(Phratry Records, 2014)
There are very few instances ever when it’s appropriate to place the words “balls” and “shredding” close together in text, but I submit that a review of Let It Come from Whom It May, the debut album from Tyranny Is Tyranny out of Madison, Wisconsin, is as good a place for that as any. Here’s how it’s gonna work: Let It Come has balls. The members (Ha! Balls! Members! I’m terrible) are good at shredding. Maybe that’s all I even need to write for you to get it.
Who am I kidding – my ego would never let me stop a paragraph in. Tyranny Is Tyranny formed following the dissolution of United Sons of Toil (hail Hope Is Not a Strategy), and features ex-USOTs Russell Emerson Hall on guitar and vocals and Jason Jensen, also on guitar and vocals. Bassist/vocalist M. Guy Ficcioto (uh, I had to look at his name a couple times to make sure I was reading that right) and drummer Jonathan Brown round out the quartet. Together they are loud. That’s certainly in the tradition of their former band. But, they’re a bit more deliberate and a bit less flashy. They’re pretty much a post metal/rock hybrid, which means they stretch their heaviness out over long songs. Sounds pretty good to me – I’m all about taking a lengthy dip in heady waters, as long as I’m pummeled by shouting and guitars.
And they’re shouting about angry stuff too – “Tyranny Is Tyranny” is the name of the fourth chapter of Howard Zinn’s A People’s History of the United States, and here’s an excerpt that the band has used in their promo copy: “We were not born critical of existing society. There was a moment in our lives … when certain facts appeared before us, startled us, and then cause us to question beliefs that were strongly fixed in our consciousness … [W]e all have an enormous responsibility to bring to the attention of others information they do not have, which has the potential of causing them to rethink long-held ideas.” However you feel about where we are and where we’re headed, I think we can all agree that we are in heavy times, and angry music will buoy us onward to a conclusion.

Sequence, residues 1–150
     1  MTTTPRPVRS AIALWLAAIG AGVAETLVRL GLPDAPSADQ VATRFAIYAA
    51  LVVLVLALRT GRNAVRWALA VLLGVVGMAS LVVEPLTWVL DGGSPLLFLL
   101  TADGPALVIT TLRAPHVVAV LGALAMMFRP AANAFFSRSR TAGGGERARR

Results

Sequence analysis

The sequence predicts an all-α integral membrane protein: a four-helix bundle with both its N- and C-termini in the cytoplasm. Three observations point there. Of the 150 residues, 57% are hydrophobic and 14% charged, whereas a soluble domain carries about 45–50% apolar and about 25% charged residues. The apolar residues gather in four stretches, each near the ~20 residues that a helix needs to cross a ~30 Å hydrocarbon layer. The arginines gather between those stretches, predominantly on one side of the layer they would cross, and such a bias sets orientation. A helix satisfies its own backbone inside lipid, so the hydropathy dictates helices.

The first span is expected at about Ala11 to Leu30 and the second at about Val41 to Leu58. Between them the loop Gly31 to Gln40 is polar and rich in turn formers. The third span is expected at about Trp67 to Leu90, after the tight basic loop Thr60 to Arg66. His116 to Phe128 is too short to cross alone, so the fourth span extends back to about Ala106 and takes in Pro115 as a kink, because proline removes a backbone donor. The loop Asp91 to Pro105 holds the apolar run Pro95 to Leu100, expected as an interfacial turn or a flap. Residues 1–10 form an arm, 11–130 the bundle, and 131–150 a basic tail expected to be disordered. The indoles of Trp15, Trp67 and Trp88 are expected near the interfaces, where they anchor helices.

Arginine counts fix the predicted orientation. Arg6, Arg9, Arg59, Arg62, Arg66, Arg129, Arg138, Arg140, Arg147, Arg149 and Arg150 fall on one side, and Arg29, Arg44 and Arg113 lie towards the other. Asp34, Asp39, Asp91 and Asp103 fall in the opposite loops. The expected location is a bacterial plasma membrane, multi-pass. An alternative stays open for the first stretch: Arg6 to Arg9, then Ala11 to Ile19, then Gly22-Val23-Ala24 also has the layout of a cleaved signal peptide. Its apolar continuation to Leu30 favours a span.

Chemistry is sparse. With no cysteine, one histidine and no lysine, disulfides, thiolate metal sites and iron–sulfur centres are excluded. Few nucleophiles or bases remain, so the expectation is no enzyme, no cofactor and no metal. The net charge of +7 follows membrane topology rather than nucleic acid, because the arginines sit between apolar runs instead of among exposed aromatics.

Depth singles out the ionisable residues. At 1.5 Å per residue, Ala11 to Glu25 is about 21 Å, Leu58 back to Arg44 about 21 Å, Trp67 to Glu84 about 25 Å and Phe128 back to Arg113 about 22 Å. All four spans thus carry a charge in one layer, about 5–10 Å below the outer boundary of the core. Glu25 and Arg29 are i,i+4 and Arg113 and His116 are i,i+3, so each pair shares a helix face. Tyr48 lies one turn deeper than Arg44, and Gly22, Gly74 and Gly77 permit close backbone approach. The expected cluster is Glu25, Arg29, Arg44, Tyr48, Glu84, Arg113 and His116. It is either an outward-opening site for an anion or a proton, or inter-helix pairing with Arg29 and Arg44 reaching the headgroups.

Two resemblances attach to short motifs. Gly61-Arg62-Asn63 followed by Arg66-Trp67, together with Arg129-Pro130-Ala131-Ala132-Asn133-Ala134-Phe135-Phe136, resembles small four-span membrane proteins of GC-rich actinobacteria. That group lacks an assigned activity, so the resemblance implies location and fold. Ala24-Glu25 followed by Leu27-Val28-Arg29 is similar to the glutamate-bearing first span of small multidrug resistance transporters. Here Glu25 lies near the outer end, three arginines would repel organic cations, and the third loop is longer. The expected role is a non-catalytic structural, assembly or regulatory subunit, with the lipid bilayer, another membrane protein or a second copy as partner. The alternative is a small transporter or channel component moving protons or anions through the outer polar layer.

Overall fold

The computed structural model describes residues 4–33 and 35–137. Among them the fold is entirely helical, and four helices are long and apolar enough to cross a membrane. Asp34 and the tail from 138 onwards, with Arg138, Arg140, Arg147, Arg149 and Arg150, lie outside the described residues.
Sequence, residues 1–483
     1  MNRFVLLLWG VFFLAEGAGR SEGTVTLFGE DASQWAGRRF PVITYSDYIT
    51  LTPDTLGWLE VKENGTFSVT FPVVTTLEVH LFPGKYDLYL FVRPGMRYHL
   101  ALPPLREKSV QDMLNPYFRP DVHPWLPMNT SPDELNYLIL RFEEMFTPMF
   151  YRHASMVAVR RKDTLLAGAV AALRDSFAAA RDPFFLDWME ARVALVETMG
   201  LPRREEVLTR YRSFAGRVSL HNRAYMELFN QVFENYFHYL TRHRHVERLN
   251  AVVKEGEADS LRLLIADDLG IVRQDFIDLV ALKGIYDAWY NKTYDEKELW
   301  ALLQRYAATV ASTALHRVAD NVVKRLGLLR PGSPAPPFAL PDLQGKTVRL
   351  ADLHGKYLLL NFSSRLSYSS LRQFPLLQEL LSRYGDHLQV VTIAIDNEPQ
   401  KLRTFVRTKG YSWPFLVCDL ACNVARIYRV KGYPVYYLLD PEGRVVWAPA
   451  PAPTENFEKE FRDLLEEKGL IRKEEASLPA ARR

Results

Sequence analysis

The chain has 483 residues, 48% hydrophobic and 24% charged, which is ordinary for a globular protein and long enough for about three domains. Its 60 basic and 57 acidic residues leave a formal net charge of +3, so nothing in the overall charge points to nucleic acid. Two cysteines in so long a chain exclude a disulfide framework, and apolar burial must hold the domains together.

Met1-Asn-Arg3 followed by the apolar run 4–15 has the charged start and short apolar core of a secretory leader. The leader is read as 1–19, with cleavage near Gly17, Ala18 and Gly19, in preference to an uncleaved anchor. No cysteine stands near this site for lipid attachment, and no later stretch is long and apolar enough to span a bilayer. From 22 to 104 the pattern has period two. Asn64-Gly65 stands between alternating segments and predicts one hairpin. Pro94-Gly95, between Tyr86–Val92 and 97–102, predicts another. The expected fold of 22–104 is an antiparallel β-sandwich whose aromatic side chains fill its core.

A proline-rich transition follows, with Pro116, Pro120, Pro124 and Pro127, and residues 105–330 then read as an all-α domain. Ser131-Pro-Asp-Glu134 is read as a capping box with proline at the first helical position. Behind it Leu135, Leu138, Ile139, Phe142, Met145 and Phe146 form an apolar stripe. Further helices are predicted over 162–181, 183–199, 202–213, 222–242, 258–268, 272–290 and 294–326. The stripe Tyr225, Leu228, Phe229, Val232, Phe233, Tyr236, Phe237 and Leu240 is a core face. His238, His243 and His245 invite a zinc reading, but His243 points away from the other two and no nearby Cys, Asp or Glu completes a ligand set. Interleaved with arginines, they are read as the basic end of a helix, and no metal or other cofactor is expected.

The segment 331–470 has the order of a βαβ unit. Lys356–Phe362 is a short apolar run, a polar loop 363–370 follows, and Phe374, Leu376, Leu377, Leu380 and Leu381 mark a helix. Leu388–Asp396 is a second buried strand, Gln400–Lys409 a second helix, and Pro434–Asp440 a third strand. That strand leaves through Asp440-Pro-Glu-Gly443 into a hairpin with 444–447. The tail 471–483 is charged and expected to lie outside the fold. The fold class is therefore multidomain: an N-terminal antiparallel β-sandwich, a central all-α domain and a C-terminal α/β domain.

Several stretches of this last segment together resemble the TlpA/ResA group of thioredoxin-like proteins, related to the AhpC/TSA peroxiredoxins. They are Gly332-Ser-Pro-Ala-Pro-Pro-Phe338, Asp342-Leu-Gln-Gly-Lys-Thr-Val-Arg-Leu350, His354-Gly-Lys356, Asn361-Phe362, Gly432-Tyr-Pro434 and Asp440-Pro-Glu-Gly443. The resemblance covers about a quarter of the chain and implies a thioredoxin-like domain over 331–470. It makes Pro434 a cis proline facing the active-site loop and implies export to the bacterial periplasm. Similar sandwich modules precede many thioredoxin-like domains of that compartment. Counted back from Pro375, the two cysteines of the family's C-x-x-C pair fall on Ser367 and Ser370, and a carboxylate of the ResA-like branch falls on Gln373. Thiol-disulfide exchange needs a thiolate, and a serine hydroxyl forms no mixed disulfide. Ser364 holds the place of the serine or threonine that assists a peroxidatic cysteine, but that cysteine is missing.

But hey, sometimes I’m banging my head so hard it’s impossible to make sense of which way’s up and which way’s down, so I’m not always the most in tune to the lyric sheet. Still, bombastic opener “Manufacturing Truth” is a pretty good starting point/mission statement. Or, maybe the true mission statement is further down the album – penultimate track “The American Dream Is a Lie” sums up a lot of feelings within its six-word title, and you don’t have to be a rocket scientist to figure out what the band’s going for. You’re either on their side or you aren’t at this point.
And whether or not you go for Tyranny Is Tyranny’s politics is your call, but you can certainly enjoy a good rock record in the meantime, can’t you? If you can’t at least do that, maybe you are part of the problem. Maybe you’re in on the conspiracy. Maybe you’re going to bring down the whole thing with that attitude. Maybe you should re-examine yourself.
RIYL: United Sons of Toil, Killdozer, Jesu, Fall of Efrafa